Forum for Science, Industry and Business

Sponsored by:     3M 
Search our Site:

 

Self-Esteem Falters Among Chinese Teens

27.03.2006


Western ideal of a perfect figure is having a negative effect on Chinese boys and girls, USC study finds.



Chinese teens who think of themselves as fat, even if they were normal or underweight, are at a greater risk for depression and school-related stress, a new USC study has found.

Girls who said they were overweight reported an overall grade point average of 3.06 versus 3.20 for other girls, according to the study of nearly 7,000 middle- and high-school students in seven Chinese cities.


Boys who felt obese reported being more prone to rudeness and losing their tempers. The study appears in the March issue of the American Journal of Health Behavior.

“Thin as the ideal body type is a relatively new standard in China, a trend fueled by increased wealth and media exposure to Western lifestyle,” said lead author Bin Xie, an assistant research professor in the USC School of Social Work.

Weight perception may trump actual body weight in predicting negative psychological effects, Xie said.

“The major point here is that misperception has an important impact on academic performance and a person’s psychological experience,” Xie said.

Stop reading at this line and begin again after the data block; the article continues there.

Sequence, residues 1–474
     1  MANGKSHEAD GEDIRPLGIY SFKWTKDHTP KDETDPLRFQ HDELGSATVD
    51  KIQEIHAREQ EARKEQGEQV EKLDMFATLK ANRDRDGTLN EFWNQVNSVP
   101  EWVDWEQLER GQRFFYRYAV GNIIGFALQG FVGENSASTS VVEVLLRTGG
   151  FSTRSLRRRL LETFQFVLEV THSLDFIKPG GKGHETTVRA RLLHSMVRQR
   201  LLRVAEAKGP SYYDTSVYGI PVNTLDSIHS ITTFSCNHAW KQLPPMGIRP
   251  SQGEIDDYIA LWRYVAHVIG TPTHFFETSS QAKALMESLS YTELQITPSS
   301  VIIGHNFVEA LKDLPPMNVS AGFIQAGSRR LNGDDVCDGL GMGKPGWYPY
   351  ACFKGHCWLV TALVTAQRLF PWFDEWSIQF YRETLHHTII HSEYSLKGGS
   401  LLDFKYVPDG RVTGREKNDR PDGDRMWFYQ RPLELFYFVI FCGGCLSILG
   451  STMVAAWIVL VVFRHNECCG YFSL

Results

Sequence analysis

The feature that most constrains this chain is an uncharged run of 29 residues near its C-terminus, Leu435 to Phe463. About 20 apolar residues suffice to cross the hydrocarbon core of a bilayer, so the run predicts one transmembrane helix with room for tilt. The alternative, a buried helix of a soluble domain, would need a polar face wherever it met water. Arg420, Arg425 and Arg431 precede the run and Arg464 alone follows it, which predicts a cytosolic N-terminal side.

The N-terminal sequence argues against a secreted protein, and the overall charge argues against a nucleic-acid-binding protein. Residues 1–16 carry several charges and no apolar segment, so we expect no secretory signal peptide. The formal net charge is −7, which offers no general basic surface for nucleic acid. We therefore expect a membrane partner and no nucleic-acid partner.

In another study published in the March edition of Preventive Medicine, Xie found that Chinese youth’s unhappiness with their weight was significantly related to Western media exposure, leading some girls to adopt such unhealthy behaviors as smoking or drinking.

“The studies underscore the importance children place on body image,” Xie said.

The data for the two studies came from an ongoing longitudinal health promotion study of Chinese adolescents in seven large cities on the Chinese mainland.

C. Anderson Johnson of the Keck School of Medicine of USC was the China Seven-City Study’s principal investigator.

Chih-Ping Chou and Paula H. Palmer, also from the Keck School, were co-principal investigators.

Co-authors included Donna Spruijt-Metz, Kim Reynolds, Peggy Gallaher, Ping Sun and Qian Guo, all from Keck, and Florence Clark, chair of the department of occupational science and occupational therapy.

The research was supported by the USC Pacific Rim Transdisciplinary Tobacco Use Research Center, which is funded by the National Institutes of Health and the Sidney R. Garfield Endowment. Additional support was provided by the Centers for Disease Control and Prevention in the seven participating cities in China and the Institute for Health Education in Kunming, China.

Eddie North-Hager | EurekAlert!
Further information:
http://www.usc.edu

More articles from Studies and Analyses:

nachricht Study relating to materials testing Detecting damages in non-magnetic steel through magnetism
23.07.2018 | Technische Universität Kaiserslautern

nachricht Innovative genetic tests for children with developmental disorders and epilepsy
11.07.2018 | Christian-Albrechts-Universität zu Kiel

All articles from Studies and Analyses >>>

The most recent press releases about innovation >>>

Die letzten 5 Focus-News des innovations-reports im Überblick:

Im Focus: Future electronic components to be printed like newspapers

A new manufacturing technique uses a process similar to newspaper printing to form smoother and more flexible metals for making ultrafast electronic devices.